[The Genus Nemophila East of the
Cascade Mts. of Oregon and Washington]
Great Basin Baby-blue-eyes, Basin Nemophila, Great Basin Nemophila, Short-flowered Nemophila
The photo above shows a close-up of the flower of Great Basin nemophila as seen at the Ray Ridge Viewpoint in the Umatilla National Forest of southeastern Washington........June 25, 2007. Note that the whitish petals are shorter than the calyx lobes.
Great Basin nemophila is a loosely erect, ascending, or somewhat
prostrate plant with branched stems from 10-30 cm long. The weak stems are
angled with alternate leaves. The stems are also covered with fine, short,
backward prickles. The leaves are1-3 cm long, thin with a narrow central lobe
or blade and 2 pairs of narrow, spreading lateral lobes. The edge of the blades
and petioles are lined with tiny hairs.
The flower stems arise off of the stem opposite the leaves.
The calyx lobes are broadly lanceolate, 2-3 mm long and covered with tiny,
bristly hairs along their edges. The flowers are tiny with lavender to whitish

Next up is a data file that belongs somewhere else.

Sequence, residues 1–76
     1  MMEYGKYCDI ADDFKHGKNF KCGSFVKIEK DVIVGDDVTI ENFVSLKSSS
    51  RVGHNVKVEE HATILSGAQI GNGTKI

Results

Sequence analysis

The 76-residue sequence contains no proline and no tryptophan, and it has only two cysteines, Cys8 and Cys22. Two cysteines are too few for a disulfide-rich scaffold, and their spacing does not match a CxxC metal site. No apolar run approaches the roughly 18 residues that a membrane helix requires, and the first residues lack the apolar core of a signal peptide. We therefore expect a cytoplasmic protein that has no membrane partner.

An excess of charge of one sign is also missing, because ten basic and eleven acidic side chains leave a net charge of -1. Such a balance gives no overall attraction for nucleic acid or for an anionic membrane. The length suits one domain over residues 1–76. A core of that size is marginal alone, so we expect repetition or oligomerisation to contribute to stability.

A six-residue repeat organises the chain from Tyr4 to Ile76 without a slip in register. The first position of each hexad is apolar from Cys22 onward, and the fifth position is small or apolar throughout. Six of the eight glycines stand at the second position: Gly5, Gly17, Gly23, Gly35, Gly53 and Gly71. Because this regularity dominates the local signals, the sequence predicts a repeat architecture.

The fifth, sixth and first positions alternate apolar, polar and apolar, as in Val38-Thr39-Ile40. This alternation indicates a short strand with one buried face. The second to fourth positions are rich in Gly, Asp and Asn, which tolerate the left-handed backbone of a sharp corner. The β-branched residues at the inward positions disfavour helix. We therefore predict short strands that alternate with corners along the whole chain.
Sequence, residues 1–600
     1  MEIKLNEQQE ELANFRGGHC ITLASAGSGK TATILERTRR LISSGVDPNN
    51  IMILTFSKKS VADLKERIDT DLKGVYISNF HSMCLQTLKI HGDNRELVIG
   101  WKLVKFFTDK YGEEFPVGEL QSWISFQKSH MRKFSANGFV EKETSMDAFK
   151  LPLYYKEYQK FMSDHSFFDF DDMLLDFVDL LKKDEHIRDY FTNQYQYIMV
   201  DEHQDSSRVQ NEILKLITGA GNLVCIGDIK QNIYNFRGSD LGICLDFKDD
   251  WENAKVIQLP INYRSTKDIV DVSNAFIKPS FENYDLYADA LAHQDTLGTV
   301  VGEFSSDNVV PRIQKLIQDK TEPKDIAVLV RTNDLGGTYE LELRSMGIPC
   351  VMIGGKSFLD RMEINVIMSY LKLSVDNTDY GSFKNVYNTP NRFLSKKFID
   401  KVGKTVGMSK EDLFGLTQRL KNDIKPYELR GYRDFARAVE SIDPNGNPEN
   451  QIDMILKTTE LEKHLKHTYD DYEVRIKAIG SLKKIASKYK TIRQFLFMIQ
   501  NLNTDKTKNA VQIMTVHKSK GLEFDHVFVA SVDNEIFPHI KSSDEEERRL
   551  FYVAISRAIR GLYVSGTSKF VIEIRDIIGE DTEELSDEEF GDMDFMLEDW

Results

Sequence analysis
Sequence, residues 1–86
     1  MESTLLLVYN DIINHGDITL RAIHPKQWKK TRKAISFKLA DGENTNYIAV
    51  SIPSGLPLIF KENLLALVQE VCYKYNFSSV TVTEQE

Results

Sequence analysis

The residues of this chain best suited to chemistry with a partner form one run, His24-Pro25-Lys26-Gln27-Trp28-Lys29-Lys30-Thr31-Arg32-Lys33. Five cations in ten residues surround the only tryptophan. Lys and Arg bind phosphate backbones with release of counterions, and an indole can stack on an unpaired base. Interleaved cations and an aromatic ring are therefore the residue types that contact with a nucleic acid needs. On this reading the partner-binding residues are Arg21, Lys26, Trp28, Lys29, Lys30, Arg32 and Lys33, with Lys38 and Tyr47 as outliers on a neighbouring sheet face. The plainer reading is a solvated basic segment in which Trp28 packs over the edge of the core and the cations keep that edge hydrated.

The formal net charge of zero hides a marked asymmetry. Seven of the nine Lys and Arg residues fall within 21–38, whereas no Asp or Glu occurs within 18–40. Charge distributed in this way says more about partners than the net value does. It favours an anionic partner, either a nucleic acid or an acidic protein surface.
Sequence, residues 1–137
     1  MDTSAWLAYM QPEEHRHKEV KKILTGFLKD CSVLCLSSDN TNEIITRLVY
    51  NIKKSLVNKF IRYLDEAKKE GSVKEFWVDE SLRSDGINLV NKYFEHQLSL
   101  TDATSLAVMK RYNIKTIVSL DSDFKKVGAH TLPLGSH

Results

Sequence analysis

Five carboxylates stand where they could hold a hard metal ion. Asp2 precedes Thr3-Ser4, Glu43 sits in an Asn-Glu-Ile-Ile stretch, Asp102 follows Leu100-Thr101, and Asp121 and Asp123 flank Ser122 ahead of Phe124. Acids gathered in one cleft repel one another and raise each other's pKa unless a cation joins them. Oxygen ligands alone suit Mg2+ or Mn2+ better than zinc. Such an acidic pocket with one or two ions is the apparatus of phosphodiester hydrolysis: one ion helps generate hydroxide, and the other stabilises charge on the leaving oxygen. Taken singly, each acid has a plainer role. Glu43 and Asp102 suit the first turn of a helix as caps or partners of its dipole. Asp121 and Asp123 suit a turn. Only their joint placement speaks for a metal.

corollas barely 2 mm long.
Great Basin nemophila may be found
on moist wooded slopes, in thickets, or occasionally in open places from the
foothills to moderate elevation in the mountains.
Great Basin nemophila may be found from southern British Columbia
south along the eastern side of the Cascades Mts. to northern California and
east to Montana and Colorado.
The photo above shows a close-up of the developing fruits of Great Basin nemophila as seen at the Ray Ridge Viewpoint in the Umatilla National Forest of southeastern Washington.........June 25, 2007. Note the numerous long hairs at the margins of the leaves and calyx lobes.
The photo above shows Great Basin nemophila as seen from Brooks Meadows, Mt. Hood N.F........June 21, 1997.
The photos above show close-up views of the flowers and leaf of Great Basin nemophila as seen in oak woods alongside Agency Creek at Fort Simcoe State Park about seven miles to the southwest of White Swan, WA..........April 5, 2008.
Great Basin nemophila as seen on vernally moist soils near the ski shelter atop Lookout Mountain, Ochoco National Forest..........June 15, 2015.
Great Basin nemophila as seen
blooming along the Round Mountain South Trail #805 near Wildhorse Springs on the south side of Round Mt., Ochoco National Forest.........May 28, 2016.